The format of blogging allows scholars to analyze current events, but it also contributes to a sense of urgency (which Ruth Mas highlighted as a problem in post 9/11 scholarship) in our work. The format of blogs is different than articles or books. They are usually short, only allowing for the introduction of an idea or two and hardly allowing space for citations. Without citations, posts can become confusing or completely inaccessible to those outside of a specific discipline or area of study. If reality television has taught us anything, it is that it becomes very difficult to follow onscreen fights about events that happen off-screen. With these limitations or problems in the format, blogs run the risk of becoming the new forum for sound bites on Islam – intentionally or unintentionally presenting certain interpretations of the Islamic tradition as authoritative.

Without considering our choices as scholars (about the medium and message of our work) and reflecting on the conditions of our work, we can end up reifying Islam or reproducing dualities of “good” and “bad” Muslims. We may magnify the voices of “good” Muslims or, equally problematic, what we present as the right interpretation of Islam. These practices limit the debates that we can have within Islamic studies, bringing identity politics to the forefront and retreading debates concerning normative versus descriptive or critical versus caretaking work.

Eleanor Finnegan is an Assistant Professor of Religious Studies at The University of Alabama. She is working on a monograph, focusing on the formation of identities and  communities on American Muslim farms, that challenging assumptions about the construction of the categories of Islam, American, and environmentalism, as well as the role of worldviews in shaping environmental action.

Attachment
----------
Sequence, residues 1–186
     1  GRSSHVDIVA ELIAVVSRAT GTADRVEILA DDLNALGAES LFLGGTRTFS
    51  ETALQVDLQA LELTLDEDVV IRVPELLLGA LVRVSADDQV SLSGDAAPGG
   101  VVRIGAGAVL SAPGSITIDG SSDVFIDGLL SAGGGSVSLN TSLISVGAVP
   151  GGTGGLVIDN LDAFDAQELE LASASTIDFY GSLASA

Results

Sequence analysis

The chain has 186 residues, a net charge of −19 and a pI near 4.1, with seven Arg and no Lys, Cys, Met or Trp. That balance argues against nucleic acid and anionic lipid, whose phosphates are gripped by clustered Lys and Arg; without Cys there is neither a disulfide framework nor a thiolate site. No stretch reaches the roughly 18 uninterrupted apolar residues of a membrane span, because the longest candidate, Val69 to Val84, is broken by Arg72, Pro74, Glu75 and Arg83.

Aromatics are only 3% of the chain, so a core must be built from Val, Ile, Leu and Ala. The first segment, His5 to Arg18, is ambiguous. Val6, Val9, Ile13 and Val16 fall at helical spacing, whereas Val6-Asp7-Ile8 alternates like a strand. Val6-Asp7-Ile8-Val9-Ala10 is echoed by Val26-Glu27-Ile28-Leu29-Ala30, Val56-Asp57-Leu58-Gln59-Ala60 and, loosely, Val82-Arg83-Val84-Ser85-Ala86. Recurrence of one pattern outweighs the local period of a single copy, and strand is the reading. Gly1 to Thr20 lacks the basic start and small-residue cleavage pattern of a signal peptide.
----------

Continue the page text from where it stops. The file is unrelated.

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Religion Clichés #3 and #4


by Tenzan Eaghll

Note: This post is the second in a series that seeks to summarize some of the clichés associated with religion. It is framed as a critique of a 1972 article by Ninian Smart. For the first post and a definition of cliché see here.

#3 True Religion is about Peace and/or Religion is Inherently Violent

Did you know Carpocrates, a 3rd Century Christian Gnostic, suggested that sex orgies could help one attain salvation? That the Church of Jesus Christ of Latter Day Saints did not allow African Americans to be priests until 1978 (because people with dark skin had formerly rebelled against God)? Or, that one of the female heroines of the Mahabharata, Draupadi, was married to all five brothers from the Pandava clan? Or, how about that, in Exodus 32, Moses orders the slaughter of thousands of Jews for not being sold on monotheism? What do these random facts imply about the nature of religion? Do they show how religion is inherently violent, peaceful, racist, or immoral?